An oil painting depicting the HMS Melville, of the Royal Navy, off the volcanic Ferdinandea Island or Graham Island, 1831. Photo credit: National Maritime Museum.
Once upon a time, in the waters not far off the coast of Sicily, there was an island called Ferdinandea. It was located right where the Mediterranean Sea narrowed between Sicily and Tunisia —a strategic position for any naval power who wished to control traffic in the Mediterranean. A tug-o-war for sovereignty, between four powerful nations, began as soon as the island was discovered, but it didn’t last long. Less than six months later, the island had sunk back into the sea. Now almost two hundred years later, the same territorial squabble is poised to begin again, as Ferdinandea island rises, inch by inch, towards the surface.
The story of Ferdinandea island begins on July 1831. It started with a series of tremors and a pungent smell of sulphur. Clearly, somewhere a volcano was erupting. Nothing unusual about that. Sicily is volcanic, and the residents were accustomed to eruptions, big and small. But there were no signs of eruption anywhere on the island.
A few days later, a large billowing pillar of smoke was seen rising from the sea. At first, the residents thought that a ship was on fire, but when a passing brig approached the area and saw bubbling water and dead fish floating around, the captain was almost sure it was a sea monster. It was two weeks after the first hint of sulphur, that the emergence of a new island was confirmed.
Throughout that month of July and the next, the island continued to grow, now a prominent landmark visible from the Sicily coast. And it was still active, spewing lava and hot ash from its mouth-like crater. It eventually reached a height of 63 meters and a circumference of 4.8 km. There was a summit on the northeastern side with a plain in the middle, where two small ponds had formed, the larger of which was 20 meters around and 2 meters deep.
The sizeable chunk of rock had appeared at a tactical location close to the major shipping lanes through the Mediterranean, and every nation who had a naval presence in the area realized that whoever claimed the island would be at a position to control all commercial and military sea traffic through the area.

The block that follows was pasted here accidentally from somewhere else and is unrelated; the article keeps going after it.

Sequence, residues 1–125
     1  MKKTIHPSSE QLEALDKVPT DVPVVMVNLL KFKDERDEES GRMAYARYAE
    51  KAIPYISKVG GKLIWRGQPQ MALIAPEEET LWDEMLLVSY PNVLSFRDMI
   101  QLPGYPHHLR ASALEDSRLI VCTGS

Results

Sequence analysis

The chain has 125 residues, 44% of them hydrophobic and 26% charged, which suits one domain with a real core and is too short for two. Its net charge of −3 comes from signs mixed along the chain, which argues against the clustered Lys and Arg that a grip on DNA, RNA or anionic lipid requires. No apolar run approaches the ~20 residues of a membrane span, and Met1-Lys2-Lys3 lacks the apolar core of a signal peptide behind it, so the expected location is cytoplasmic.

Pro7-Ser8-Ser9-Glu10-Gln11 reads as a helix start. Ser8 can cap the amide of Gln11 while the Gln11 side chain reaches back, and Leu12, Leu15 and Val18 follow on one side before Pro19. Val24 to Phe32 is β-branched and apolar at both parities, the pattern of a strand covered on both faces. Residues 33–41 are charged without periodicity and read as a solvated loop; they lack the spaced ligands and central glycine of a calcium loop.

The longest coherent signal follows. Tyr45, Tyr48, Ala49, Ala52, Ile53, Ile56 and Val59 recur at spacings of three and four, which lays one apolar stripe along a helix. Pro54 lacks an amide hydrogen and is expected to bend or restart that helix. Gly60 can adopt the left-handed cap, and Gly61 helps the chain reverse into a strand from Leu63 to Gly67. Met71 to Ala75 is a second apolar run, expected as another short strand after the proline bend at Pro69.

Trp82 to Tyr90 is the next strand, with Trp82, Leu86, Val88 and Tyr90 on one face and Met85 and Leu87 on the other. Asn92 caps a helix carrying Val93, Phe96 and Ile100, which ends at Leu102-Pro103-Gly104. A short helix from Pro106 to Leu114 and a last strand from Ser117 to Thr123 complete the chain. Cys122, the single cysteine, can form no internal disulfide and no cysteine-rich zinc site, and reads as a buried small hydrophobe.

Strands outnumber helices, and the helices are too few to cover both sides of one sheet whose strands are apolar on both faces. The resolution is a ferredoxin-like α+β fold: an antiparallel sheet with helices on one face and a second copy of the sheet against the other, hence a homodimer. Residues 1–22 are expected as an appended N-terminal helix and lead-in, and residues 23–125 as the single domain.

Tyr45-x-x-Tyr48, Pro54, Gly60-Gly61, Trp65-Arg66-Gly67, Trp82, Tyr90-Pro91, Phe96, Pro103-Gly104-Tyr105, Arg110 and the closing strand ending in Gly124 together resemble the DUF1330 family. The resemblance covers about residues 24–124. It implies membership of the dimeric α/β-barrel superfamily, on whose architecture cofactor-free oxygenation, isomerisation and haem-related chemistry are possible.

The first to lay claim on the island were the British. A Navy vessel disembarked on the island, planted the British flag and announced it as British territory, naming it Graham Island for the First Lord of the Admiralty. The King of Sicily, Ferdinand II, considering this an infringement on Sicilian waters, dispatched a corvette to claim the new land. He named it Ferdinandea, in honor of himself. The Spanish showed an interest too. The last to arrive on the scene were the French, who compared the eruption to a bottle of champagne being uncorked and named it Ile Julia, after July, the month it first appeared.
For five months the conflict raged as the nations fought in the press and through diplomatic channels. Tourists travelled to see the island and its two small lakes, and the French even announced a plan to build a top-class holiday resort on its beaches. Nobody paid attention that the island was slowly withdrawing into the ocean.
The volcanic material from which the island was formed was so fragmented and soft that it could not withstand the effects of the ocean waves. As soon as the eruption stopped, the sea rapidly eroded it away. By 17 December 1831, the island had disappeared complexly beneath the waves, and the territorial dispute came to a peaceful end.
This was not the first time the island had appeared in this patch of ocean. The island was first reported to have broke surface during the First Punic War, in the 3rd century BC, and since then it has appeared and disappeared four or five times. It made a brief appearance again in 1863, caused by fresh eruption, before sinking back into the sea. Since then, Ferdinandea island or Graham island, has been lying 8 meters below the sea level —within scrapping distance of a ship’s hull. Ships know to avoid it, but to those unfamiliar with the waters, the sunken island may appear as a hidden threat. In 1987, an American pilot on the way to bomb Libya mistook the submerged peak to be a submarine, and dropped depth charges on it.
In 2000, renewed seismic activity around Graham Island led volcanologists to speculate that the seamount might once again become an island. To prevent a repeat of the disagreements, this time Italy acted swiftly by sending a team of divers to plant Sicily’s flag on the rising seamount in advance of its expected resurfacing. In addition, a marble plaque, bearing the inscription “This piece of land, once Ferdinandea, belonged and shall always belong to the Sicilian people,” was lowered into the waves. This plaque was reportedly destroyed within months, possibly by fishing gear but it could also have been vandalism.
Should the island emerge again in near future, it’s unlikely that there’s going to be a major territorial dispute over it, as the island would not have the same strategic importance today that it had in 1831. The island would likely and rightly belong to Italy.
A page from the geological journal of French geologist Constant Prévost, depicting the 1831 eruption of Ferdinandea island.
The marble plaque that was installed on the submarine volcano.